This week’s blog is a little different. Ever since the first reports of Cornoavirus (COVID-19), I have seen a couple of articles (‘Outbreak’ Enters Netflix’s Top 10: Here Are 6 Quarantine-Ready Movies to Stream) about people watching the movie Contagion (2011).
Veterinary pathologist Tracey McNamara, who served as the film’s science advisor, said that the film was a cautionary tale.
“If people are watching it again, and if federal and state officials are watching it again, I hope they’re realising that the movie was really about what can happen with a novel pandemic threat, and I think people should have taken it much more seriously,” said McNamara. “I wish people had paid closer attention to it when the film came out, because it really was a warning to the federal government that this could happen and you need to prepare.”
According to the article, (Coronavirus: People should have taken Contagion ‘much more seriously’, says film’s scientific advisor ) “McNamara’s job was to make the fictional disease in Contagion seem as realistic as possible, and she [McNamara] said the movie “really rang true” in terms of its depiction of how disease spreads and how long it takes to develop a vaccine. ”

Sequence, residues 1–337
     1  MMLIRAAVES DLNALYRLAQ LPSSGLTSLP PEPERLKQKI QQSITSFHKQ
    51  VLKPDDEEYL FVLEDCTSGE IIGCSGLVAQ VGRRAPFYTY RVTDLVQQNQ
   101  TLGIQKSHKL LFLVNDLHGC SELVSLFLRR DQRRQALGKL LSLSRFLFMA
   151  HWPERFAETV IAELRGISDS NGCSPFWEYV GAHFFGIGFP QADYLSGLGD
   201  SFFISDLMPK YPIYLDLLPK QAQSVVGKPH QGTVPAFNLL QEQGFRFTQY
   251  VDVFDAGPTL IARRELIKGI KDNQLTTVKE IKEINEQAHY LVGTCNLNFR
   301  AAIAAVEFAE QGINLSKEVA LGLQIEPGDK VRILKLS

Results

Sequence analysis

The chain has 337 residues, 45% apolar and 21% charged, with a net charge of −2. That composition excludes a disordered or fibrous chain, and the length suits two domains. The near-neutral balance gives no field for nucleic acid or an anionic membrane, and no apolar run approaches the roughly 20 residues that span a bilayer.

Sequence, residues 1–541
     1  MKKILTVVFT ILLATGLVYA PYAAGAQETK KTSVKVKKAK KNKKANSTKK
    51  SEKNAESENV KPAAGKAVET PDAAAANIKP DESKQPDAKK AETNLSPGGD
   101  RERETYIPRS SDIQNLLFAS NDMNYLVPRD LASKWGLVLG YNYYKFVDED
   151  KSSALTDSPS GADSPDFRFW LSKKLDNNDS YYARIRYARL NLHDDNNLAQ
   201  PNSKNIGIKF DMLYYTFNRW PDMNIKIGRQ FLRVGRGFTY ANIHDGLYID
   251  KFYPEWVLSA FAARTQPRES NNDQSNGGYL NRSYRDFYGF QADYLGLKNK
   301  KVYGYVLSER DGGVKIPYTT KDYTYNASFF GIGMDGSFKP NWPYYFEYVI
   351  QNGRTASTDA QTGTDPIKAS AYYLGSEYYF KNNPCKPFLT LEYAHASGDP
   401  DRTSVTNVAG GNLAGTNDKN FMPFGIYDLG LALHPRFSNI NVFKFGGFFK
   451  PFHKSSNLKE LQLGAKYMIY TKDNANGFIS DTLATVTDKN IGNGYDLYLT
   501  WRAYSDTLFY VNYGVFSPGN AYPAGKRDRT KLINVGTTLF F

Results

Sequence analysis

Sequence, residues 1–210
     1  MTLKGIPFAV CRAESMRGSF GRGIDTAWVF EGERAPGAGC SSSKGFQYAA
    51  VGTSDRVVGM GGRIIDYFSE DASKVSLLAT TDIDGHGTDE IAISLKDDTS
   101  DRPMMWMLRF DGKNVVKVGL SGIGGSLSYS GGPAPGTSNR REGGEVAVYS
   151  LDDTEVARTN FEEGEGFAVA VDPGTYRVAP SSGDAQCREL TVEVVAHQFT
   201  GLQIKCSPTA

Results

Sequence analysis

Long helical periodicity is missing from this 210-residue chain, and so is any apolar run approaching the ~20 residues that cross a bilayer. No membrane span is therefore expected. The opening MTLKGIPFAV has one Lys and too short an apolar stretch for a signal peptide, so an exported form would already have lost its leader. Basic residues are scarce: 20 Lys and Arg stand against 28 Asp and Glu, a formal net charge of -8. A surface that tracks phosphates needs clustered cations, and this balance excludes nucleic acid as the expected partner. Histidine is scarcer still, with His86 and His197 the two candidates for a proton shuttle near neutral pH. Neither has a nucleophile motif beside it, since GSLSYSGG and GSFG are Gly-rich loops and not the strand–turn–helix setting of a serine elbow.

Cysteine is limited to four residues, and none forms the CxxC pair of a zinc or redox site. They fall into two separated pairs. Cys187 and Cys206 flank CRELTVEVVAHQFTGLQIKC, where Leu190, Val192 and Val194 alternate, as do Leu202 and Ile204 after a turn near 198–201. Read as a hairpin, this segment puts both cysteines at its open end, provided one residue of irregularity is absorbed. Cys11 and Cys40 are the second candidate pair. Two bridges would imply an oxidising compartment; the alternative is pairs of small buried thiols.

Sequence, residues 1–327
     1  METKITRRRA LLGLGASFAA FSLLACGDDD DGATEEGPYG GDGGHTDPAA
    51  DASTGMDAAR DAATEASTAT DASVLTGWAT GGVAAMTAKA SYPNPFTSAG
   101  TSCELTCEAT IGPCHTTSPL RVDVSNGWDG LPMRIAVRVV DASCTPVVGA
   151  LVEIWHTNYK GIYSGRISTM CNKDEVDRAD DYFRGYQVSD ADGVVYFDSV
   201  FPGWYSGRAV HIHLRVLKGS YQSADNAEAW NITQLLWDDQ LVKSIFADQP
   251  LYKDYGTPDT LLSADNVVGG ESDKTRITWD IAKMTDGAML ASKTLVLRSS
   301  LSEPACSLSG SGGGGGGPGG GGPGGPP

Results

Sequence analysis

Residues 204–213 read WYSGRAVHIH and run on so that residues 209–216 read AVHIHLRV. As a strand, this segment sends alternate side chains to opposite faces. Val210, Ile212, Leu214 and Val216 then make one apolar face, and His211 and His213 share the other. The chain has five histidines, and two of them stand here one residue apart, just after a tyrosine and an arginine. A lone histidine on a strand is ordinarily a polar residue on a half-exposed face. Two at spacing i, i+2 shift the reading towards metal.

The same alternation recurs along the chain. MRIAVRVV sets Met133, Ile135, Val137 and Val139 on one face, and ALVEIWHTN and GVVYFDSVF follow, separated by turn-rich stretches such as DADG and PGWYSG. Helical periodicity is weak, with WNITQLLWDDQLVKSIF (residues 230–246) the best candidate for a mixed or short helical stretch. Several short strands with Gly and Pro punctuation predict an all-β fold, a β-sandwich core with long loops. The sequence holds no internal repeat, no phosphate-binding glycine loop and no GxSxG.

This example of “art imitating life” is just another reminder to me of the power of entertainment. But, can a movie change its audience’s behavior?
The USC Annenberg Norman Lear Center Media Impact Project studied the affect the movie had on audiences. In their report, (Going Viral: Measuring the Impact of Contagion), the researchers found that people who watched the movie were: more knowledgable about viruses and how they mutate; more engaged in actions that could help them prepare for a viral pandemic, like preparing an emergency kit and talking to friends and family; and more committed to washing their hands frequently.
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